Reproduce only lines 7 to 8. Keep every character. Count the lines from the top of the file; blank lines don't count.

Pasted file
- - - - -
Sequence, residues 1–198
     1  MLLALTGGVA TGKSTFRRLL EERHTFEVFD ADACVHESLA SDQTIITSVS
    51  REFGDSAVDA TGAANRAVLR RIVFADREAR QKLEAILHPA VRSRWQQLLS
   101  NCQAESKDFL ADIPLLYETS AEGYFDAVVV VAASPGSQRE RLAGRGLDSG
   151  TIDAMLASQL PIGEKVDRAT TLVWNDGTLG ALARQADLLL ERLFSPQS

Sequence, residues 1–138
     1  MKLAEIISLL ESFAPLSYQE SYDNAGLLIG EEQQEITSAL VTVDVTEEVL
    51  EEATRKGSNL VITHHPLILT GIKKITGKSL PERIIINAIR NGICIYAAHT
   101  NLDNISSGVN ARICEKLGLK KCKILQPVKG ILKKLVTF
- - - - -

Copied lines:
     1  MKLAEIISLL ESFAPLSYQE SYDNAGLLIG EEQQEITSAL VTVDVTEEVL
    51  EEATRKGSNL VITHHPLILT GIKKITGKSL PERIIINAIR NGICIYAAHT